A vast majority of IT decision makers at UK firms are still permitting the use of legacy apps within their organisations' networks in order to access historical data even though they are well aware that such apps could leave their networks wide open to security threats.
With GDPR being in force and organisations across all sectors ramping up their cyber-security spending to tackle emerging threats and to defend their networks against new forms of malware, ransomware, and DDoS attacks, it would be normal to assume that a majority of them have replaced their legacy applications with modern, more efficient and more secure ones.
However, despite the widespread adoption of new technologies and a fast-evolving threat landscape, a vast majority of organisations in the UK are still clutching on to their legacy applications just because such apps allow them to access historical data or to perform other operational tasks.
A survey of 100 IT decision makers commissioned by software solutions developer Macro 4 has revealed that 89 percent of them are still running their legacy apps "on life support" to access historical data, even though 87 percent of such decision makers know that legacy apps leave businesses open to security threats and 93 percent of them know that such apps eat up resources that could be more productively used to support digital transformation.
According to Jim Allum, director of Commercial and Technical at Macro 4, legacy apps not only allow access to historical data but also allow businesses to respond to customer queries and contain information necessary for compliance or business intelligence.
"Businesses can't afford to lose access to all that data so they just keep the old applications on ‘life support', which causes a lot of problems. Old systems are typically harder to fix when they go wrong, harder to keep secure and cost more to support – that's if you can find people with the right legacy skills.
"It creates a huge burden, especially where companies are running dozens or even hundreds of legacy applications – which is surprisingly common. As legacy applications pre-date the latest security innovations there is a clear security risk to having a lot of legacy within your application portfolio," he said.
A major reason why a majority of UK businesses are not replacing legacy apps with modern ones is that the integration of legacy systems with newer applications is often difficult and instead of achieving a seamless digital experience, many businesses end up with silos of data.
While 54 percent of IT decision makers surveyed by Macro 4 said that they feel it is too difficult to move the data somewhere else while keeping it easily accessible, 39 percent said business users are resistant to getting rid of their old applications, and 32 percent said they don't have the required in-house skills to retire/decommission applications.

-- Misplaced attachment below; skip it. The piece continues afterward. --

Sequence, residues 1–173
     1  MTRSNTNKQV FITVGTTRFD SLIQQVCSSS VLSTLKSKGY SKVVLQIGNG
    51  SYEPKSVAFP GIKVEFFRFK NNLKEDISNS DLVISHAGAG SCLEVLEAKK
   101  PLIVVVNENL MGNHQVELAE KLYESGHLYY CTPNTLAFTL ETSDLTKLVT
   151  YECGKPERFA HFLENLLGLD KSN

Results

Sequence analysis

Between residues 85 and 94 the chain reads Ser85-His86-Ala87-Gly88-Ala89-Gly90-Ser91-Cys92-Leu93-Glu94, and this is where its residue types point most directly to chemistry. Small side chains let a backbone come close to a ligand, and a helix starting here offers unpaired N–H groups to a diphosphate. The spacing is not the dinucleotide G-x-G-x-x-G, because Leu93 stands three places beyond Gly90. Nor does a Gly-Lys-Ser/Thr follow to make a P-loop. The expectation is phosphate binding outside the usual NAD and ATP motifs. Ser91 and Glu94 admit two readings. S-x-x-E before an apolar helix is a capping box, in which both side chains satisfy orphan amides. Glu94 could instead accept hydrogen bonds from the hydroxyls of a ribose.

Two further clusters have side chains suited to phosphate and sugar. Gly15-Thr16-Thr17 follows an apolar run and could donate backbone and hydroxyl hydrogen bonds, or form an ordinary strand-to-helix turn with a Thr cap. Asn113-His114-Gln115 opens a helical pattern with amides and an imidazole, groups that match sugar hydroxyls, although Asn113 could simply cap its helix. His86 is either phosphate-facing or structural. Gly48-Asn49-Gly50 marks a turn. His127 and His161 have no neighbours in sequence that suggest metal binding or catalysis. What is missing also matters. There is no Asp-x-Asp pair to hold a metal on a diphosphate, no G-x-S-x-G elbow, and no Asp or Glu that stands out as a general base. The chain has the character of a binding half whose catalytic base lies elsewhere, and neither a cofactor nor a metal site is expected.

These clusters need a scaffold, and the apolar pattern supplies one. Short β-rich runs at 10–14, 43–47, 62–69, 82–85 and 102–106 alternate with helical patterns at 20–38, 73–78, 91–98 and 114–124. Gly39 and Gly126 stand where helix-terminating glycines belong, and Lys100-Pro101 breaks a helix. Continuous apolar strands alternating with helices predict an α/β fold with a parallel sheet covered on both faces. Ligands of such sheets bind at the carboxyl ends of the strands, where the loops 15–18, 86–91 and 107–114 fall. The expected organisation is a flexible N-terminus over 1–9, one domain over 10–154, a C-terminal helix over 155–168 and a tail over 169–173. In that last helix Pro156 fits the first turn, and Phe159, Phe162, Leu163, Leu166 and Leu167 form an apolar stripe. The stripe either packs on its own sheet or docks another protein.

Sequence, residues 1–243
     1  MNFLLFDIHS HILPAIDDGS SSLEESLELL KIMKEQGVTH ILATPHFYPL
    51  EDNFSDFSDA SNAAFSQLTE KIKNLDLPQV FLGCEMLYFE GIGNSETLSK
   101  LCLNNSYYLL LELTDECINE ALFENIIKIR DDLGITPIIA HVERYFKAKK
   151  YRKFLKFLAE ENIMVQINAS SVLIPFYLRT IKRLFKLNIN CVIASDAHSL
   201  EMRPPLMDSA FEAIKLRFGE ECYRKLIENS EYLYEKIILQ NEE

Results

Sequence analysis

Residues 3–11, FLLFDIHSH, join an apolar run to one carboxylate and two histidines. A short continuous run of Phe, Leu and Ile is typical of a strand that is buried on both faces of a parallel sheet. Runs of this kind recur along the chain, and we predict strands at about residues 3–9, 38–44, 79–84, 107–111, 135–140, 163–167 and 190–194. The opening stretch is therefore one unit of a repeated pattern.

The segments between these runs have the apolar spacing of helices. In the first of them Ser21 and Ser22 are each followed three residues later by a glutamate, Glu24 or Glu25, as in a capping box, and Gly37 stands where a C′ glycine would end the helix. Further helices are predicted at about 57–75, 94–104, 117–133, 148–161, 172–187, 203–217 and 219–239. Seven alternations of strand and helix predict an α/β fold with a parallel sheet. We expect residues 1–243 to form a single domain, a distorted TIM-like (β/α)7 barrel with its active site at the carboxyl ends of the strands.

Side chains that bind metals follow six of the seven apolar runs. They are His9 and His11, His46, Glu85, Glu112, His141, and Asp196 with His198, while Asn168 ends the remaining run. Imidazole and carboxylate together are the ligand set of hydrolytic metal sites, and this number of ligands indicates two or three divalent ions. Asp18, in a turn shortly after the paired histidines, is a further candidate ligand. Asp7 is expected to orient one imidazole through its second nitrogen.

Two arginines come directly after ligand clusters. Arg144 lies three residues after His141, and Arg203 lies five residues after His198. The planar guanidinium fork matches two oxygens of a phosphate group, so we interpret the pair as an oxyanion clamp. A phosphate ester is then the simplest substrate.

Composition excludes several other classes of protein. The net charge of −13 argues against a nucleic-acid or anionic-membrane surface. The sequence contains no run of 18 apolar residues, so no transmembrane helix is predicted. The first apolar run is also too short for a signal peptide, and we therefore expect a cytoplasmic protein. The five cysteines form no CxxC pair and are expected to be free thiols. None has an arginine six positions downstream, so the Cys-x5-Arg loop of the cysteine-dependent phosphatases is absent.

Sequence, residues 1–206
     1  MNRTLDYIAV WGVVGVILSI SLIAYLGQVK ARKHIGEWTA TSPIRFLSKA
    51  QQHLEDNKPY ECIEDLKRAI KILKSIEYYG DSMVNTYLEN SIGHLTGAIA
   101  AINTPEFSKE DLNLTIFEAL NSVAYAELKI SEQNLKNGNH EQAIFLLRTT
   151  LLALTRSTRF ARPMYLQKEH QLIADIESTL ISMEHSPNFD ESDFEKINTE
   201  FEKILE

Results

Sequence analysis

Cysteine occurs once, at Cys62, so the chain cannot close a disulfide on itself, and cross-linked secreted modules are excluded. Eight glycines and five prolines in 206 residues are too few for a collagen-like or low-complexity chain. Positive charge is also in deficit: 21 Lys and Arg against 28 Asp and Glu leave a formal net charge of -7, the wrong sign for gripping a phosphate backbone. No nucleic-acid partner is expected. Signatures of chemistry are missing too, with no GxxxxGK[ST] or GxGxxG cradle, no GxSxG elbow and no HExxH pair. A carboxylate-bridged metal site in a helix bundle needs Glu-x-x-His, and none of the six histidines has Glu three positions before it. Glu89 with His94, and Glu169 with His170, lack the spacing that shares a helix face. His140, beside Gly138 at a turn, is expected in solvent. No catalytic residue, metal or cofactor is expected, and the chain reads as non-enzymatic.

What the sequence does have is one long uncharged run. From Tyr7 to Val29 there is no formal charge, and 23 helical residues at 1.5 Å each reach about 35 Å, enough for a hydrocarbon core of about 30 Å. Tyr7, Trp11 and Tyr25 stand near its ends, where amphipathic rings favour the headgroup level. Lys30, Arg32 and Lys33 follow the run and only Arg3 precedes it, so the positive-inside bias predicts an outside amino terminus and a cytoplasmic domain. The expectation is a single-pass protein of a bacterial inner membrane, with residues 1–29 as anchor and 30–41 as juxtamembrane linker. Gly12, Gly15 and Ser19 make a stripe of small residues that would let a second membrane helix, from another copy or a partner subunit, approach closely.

At the same time, 30 percent of IT decision makers feel it is too risky to decommission legacy apps as it may lead to data loss, 30 percent feel they do not have the required budget to decommission all their legacy apps, and 32 percent fear they will no longer meet their compliance obligations if they move their data from old apps to new ones.
According to Allum, instead of migrating enterprise or customer data directly from one app to another, which many IT professionals are reluctant to do, enterprises must, instead, move the data away from obsolete applications and into a content repository where business users can continue to access it, so that the original application can be retired. They must also ensure that the repositories can keep the decommissioned data safe, secure and compliant before such data is moved to newer applications.
Commenting on the fact that a majority of UK businesses are still clutching on to legacy apps, Ed Williams, director EMEA, SpiderLabs at Trustwave, told SC Magazine UK that he is saddened and angered by the results of this report in equal measures.
"In 2018 I would expect us to be better at security; we know that legacy apps cause security issues. In part, this proves that security isn't where it should be in the list of an organisations priorities and this is of concern.
"“Too hard” simply isn't good enough, organisations and IT decision makers have a responsibility to all involved (staff, customers, shareholders etc) to ensure that they are secure. They have to want to make the change, get the job done, if you're not moving forward in security you're going backwards, and this is the case here!" he said.
"It appears that there is a lack of understanding as to the potential impact when running legacy apps. This issue lies at the feet of the infosec community, we need to do better in terms of raising the profile around this issue and explaining clearly why this is a serious issue that should be addressed.
"Replacing legacy apps should also be something that becomes BaU (Business as Usual) or part of the culture for organisations, not something that's too hard, or too expensive – and this has to be driven by the IT decision makers," he added.
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